Whodunit columnist Bruce Tierney has reviewed four of Timothy Hallinan's fantastic thrillers—and each one has earned Mystery of the Month. His latest Poke Rafferty novel, The Fear Artist, earns that title for August 2012 with its tale of murder on the streets of Bangkok. Writes Tierney, "The pacing is intense, the characters are among the best in modern suspense fiction and the atmosphere is steamy and dangerous throughout."
We talked with Hallinan about tough guys, great books and the seamy Bangkok setting.
Describe your book in one sentence.
It's a thriller set in Bangkok about what happens when someone innocently draws the attention of the War on Terror and becomes possible "collateral damage," which is a 21st-century euphemism for "dead."
If you could take one of Poke Rafferty's characteristics for yourself, what would it be?
Oh, boy. Poke is braver than I am, more resourceful, funnier, younger, better-looking, with better hair . . . I suppose it would be bravery. Most thriller writers are wusses. I just finished a bookstore tour with a well-known (and very good) writer whose series features not one but two brave guys, and it was a real thrill to learn that he's just as big a doily as I am. Here we are, launching our characters across these lethal landscapes with death waiting at every misstep, and in real life we both get flustered when we miss a turn.
What is the best writing advice you've ever received?
Finish. A writer is someone who finishes. Whatever it takes, finish. Inspiration exists, as Picasso said, but it has to find you working.
What is one book everyone needs to read?
This is a hard one. I read pretty much everything. At the risk of being pretentious, I'm going to say Anthony Trollope's six-volume novel The Palliser, which tells one great love story over the course of an entire adult lifetime and sets it against a panorama of life in Victorian England and Ireland. And Trollope could write women, which Dickens (in my opinion) couldn't.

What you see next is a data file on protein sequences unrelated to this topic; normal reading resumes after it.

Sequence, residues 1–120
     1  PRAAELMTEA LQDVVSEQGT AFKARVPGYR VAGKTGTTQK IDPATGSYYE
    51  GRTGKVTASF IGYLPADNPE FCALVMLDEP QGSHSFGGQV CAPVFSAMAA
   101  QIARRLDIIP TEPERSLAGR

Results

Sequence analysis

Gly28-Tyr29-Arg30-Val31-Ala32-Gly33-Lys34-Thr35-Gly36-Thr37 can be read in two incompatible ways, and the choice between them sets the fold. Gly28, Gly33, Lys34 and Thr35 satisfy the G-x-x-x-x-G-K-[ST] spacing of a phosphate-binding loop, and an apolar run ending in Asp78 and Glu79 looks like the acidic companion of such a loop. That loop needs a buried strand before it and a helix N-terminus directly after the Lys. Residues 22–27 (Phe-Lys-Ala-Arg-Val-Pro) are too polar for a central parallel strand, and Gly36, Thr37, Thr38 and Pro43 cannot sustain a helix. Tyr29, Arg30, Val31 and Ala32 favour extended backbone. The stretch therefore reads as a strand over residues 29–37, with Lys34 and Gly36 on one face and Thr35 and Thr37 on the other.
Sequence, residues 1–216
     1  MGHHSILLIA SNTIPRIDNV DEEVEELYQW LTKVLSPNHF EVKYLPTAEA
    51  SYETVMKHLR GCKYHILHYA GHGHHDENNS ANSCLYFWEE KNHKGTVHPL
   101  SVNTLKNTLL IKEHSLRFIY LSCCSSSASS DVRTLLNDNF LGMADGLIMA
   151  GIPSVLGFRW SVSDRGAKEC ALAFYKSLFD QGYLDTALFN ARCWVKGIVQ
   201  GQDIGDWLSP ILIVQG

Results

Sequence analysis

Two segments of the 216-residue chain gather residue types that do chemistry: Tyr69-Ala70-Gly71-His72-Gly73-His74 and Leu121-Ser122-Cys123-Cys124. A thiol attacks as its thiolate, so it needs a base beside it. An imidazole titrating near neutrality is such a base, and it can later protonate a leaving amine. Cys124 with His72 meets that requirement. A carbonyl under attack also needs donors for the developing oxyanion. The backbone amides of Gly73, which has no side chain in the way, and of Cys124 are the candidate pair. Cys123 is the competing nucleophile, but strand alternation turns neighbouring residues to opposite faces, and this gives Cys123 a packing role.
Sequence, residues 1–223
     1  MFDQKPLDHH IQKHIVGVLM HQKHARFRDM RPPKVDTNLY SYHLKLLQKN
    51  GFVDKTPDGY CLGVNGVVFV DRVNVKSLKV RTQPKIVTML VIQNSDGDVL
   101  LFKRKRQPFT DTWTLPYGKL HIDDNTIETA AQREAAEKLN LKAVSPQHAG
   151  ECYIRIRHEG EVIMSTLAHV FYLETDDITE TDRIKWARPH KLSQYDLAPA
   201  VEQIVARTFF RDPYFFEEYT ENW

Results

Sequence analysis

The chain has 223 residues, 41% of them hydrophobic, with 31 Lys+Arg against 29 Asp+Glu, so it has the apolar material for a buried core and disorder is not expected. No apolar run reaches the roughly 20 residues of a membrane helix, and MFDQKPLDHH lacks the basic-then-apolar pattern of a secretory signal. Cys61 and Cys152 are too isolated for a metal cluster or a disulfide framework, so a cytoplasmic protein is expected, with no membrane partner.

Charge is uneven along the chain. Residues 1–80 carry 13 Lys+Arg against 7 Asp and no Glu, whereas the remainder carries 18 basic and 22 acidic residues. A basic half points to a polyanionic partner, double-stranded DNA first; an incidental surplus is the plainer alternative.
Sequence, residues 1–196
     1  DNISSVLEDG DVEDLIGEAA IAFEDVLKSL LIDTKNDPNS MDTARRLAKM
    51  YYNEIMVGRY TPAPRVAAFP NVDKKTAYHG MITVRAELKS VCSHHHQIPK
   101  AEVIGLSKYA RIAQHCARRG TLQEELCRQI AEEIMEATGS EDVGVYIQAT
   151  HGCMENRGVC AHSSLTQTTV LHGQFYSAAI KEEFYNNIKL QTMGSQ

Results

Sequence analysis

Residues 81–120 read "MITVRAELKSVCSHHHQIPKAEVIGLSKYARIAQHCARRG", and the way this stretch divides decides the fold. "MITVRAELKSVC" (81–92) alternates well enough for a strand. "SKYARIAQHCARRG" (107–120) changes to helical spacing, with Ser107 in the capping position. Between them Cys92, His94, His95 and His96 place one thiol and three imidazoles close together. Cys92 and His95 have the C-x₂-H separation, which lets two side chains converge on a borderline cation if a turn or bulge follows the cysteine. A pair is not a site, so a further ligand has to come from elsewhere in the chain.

What is it about Bangkok that inspires such great suspense fiction?
Extremes. Bangkok is, as Maugham said about Monaco, "A sunny place for shady people." Bangkok is rich and poor, sinful and spiritual, noisy and serene, heartless and cheerful. And it's growing at the rate of one million people a year as family and community structures in the countryside break down. These people are handmade for exploitation. And yet most Thais manage to maintain a kind of equanimity I can only envy.
How do you conquer writer's block?
By writing my way through it. I don't actually get traditional writer's block. What I get is total book collapse as I write my way into something that seems completely impossible to solve, at which point I toss the book and start something else, only to realize (usually) that I DO know how to solve the problem. This happens to me three or four times on every book. I can always write something—it's just usually not the thing I'm supposed to be writing.
What are you working on next?
The next Poke Rafferty (the sixth), which is tentatively titled For the Dead. I'm in the great phase, which is to say the first 35 to 40 percent, where I haven't made any enormous mistakes yet, or if I have, I haven't recognized them. And a book called King Maybe, which is the fourth book in another series, set in Los Angeles.